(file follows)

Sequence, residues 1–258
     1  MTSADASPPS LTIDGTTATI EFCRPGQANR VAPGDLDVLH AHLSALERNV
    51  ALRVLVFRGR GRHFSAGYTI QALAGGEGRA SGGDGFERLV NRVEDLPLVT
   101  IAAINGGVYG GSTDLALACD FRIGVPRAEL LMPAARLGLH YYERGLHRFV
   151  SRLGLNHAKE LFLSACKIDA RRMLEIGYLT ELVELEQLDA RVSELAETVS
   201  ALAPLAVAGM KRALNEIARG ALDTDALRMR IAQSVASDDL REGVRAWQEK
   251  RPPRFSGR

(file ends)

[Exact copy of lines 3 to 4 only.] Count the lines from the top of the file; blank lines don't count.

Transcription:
    51  ALRVLVFRGR GRHFSAGYTI QALAGGEGRA SGGDGFERLV NRVEDLPLVT
   101  IAAINGGVYG GSTDLALACD FRIGVPRAEL LMPAARLGLH YYERGLHRFV